As Cyclone Gita headed towards Tonga last weekend, a group of young Anglicans gathered at All Saints Church in Fasi, Nuku’alofa to prepare their response. They had received training in geographic information systems – or GIS – and knew how to use it to carry out Community Integrated Vulnerability Assessments to work out who would be most at risk from the impending winds. They had identified 22 homes in their neighbourhood which were least likely to ride out Cyclone Gita’s winds or which sat in the most flood-prone areas.
On Monday, the youngsters visited the homes to help batten down roofs and lift furniture; and they distributed simple survival kits to homes where widows and elderly people lived. They returned to the church for a debrief before heading home to secure themselves before Gita’s 260 kmh winds arrived on Monday night.
On Tuesday, the youngsters headed out again to check on the elderly and widows, and worked to clear debris from their properties.
“Our young people did a very good job before, during and after the cyclone”, surveyor and GIS expert Viliami Folau, a member of All Saints, said. “They weren't lavish. Just a few items – candles, canned fish, matches, biscuits, water – but when the young people handed them to the elderly, you should have seen the smiles on those old people's faces.
“It was knowing that the church cares for them. I think that's the most important thing of all. These old people, these widows, see that during the bad times, even cyclones, the church wants to ensure that they're OK.
“In the Pacific, events like Gita are getting more frequent, and more severe. So it’s good to see the young people learning about climate change, and becoming truly engaged with disaster preparedness, prevention – and recovery.”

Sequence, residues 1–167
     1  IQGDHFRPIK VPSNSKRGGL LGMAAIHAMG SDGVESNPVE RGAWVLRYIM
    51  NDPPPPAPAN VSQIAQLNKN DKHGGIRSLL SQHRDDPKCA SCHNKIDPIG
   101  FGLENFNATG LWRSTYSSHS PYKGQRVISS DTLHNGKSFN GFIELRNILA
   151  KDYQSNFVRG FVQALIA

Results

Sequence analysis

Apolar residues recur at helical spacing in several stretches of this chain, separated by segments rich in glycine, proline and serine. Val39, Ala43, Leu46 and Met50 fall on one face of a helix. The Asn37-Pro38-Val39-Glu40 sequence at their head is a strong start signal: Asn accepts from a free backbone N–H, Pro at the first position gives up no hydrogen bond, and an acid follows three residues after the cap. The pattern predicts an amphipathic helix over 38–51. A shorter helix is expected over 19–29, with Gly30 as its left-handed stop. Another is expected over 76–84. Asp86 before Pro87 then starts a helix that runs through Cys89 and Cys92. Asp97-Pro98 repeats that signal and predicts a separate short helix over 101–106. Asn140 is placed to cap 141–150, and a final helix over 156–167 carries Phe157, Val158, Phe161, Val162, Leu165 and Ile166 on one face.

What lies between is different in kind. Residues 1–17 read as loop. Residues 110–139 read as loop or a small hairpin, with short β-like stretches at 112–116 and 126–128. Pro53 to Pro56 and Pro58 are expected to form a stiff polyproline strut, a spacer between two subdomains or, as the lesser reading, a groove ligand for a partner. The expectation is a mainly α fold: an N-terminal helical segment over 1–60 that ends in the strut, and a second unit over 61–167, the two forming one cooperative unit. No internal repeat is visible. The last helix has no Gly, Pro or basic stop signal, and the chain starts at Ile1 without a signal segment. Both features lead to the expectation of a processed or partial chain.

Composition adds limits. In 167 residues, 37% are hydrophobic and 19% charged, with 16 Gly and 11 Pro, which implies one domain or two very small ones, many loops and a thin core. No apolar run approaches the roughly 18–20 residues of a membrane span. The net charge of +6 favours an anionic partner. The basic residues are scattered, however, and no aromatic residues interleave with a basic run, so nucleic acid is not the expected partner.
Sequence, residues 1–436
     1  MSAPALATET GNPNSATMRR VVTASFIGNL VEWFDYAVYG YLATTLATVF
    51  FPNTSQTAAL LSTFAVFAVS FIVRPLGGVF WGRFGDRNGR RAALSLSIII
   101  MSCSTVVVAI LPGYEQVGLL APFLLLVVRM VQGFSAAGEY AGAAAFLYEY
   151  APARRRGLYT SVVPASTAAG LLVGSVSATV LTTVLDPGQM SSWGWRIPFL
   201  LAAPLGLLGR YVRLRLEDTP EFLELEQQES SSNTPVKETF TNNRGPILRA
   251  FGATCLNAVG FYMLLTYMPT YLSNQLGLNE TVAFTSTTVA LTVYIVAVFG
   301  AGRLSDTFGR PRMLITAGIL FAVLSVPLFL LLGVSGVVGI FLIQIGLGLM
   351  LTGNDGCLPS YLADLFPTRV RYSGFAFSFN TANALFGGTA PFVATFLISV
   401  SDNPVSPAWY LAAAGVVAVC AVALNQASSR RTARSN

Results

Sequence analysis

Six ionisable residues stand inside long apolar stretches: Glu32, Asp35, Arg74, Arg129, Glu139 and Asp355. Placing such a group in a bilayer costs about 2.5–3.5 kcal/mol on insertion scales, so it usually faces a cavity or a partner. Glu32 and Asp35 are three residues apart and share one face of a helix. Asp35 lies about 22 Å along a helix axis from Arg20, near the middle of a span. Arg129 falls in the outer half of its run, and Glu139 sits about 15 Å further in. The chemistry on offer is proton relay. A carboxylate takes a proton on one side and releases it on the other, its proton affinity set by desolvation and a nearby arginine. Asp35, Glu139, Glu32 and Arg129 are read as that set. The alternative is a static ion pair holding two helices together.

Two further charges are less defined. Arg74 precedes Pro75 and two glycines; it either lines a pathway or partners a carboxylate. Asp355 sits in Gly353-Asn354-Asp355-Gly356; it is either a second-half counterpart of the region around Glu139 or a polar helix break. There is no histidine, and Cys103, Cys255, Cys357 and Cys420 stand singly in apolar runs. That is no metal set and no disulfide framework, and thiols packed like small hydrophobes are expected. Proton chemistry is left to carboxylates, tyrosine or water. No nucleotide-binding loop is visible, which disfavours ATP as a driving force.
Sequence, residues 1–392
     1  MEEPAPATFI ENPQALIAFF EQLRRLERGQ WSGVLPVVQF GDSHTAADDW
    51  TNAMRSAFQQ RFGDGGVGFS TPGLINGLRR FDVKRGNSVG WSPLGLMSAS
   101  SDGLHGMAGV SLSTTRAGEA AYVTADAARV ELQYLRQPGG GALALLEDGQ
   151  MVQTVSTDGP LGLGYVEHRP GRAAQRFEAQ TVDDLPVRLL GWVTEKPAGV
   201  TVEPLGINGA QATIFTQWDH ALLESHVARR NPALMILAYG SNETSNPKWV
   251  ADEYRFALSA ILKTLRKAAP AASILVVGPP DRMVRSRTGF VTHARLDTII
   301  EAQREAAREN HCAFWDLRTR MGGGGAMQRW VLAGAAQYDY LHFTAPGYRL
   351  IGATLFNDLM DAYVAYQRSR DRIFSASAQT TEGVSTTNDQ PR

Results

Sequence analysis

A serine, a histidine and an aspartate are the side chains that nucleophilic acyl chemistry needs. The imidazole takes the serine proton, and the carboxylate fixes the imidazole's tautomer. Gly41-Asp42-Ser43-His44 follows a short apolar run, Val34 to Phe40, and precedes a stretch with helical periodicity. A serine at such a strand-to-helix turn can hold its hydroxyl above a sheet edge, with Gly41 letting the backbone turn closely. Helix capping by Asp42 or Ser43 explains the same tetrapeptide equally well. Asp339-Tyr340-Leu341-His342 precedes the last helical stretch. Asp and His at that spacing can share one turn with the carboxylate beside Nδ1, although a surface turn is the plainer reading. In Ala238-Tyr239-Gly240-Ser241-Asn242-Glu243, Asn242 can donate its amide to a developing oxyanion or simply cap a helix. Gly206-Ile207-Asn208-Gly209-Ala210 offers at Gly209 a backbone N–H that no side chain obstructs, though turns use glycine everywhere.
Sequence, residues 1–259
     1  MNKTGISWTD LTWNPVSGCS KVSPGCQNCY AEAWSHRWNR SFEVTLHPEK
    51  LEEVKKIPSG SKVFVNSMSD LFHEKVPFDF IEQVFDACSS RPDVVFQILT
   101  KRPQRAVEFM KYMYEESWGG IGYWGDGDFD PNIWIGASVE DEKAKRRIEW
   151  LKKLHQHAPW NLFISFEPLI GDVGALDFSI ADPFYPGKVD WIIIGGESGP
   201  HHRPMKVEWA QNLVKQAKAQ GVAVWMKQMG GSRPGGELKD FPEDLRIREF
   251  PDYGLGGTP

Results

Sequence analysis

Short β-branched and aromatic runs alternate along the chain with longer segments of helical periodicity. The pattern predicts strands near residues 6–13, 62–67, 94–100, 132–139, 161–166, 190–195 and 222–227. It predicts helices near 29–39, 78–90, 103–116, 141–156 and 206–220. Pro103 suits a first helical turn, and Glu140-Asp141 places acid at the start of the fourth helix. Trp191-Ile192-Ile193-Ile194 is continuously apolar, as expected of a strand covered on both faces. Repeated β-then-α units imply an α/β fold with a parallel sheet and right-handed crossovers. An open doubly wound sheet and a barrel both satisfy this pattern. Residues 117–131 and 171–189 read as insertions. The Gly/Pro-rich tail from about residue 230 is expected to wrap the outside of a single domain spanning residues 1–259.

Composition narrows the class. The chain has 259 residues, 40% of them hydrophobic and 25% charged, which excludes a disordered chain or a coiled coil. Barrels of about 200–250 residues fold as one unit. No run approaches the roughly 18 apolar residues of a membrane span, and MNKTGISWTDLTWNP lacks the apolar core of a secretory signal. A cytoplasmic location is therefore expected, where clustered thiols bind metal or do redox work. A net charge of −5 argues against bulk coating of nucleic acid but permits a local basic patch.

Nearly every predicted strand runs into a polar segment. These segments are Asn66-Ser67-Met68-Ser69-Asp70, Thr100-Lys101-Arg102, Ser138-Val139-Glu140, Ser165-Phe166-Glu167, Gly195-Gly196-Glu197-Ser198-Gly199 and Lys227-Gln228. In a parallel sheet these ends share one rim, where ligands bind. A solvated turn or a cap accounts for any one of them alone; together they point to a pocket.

The Diocese of Polynesia’s Fei Tevi, a consultant to Pacific Island governments, said that Gita had blown down three homes within walking distance of All Saints’ Church. A further five families’ homes had sustained major structural damage.
“I have experienced two category 5 cyclones in three years,” he told Anglican Taonga. “This is going to become the norm in this region. And as a church, we need to find a way to be responding to the needs of the people in these types of extreme situations. GIS and CIVA training is one of the ways we can do that – and we’ve done it well here. It’s a success.”
Gita has been described as the worst storm to hit the Tongan islands in 60 years. It struck about 8 pm on Monday, peaking at 233 km/h between 11 pm and 2 am. It brought down electricity lines, and destroyed a number of buildings, including the national parliament. The roof of the weather centre was taken off; and the state broadcaster’s transmissions were halted for a while.
Of the 30 people injured, one remains in a critical condition with severe head wounds. A 72-year-old man died from a heart attack, and officials are linking his death to the storm.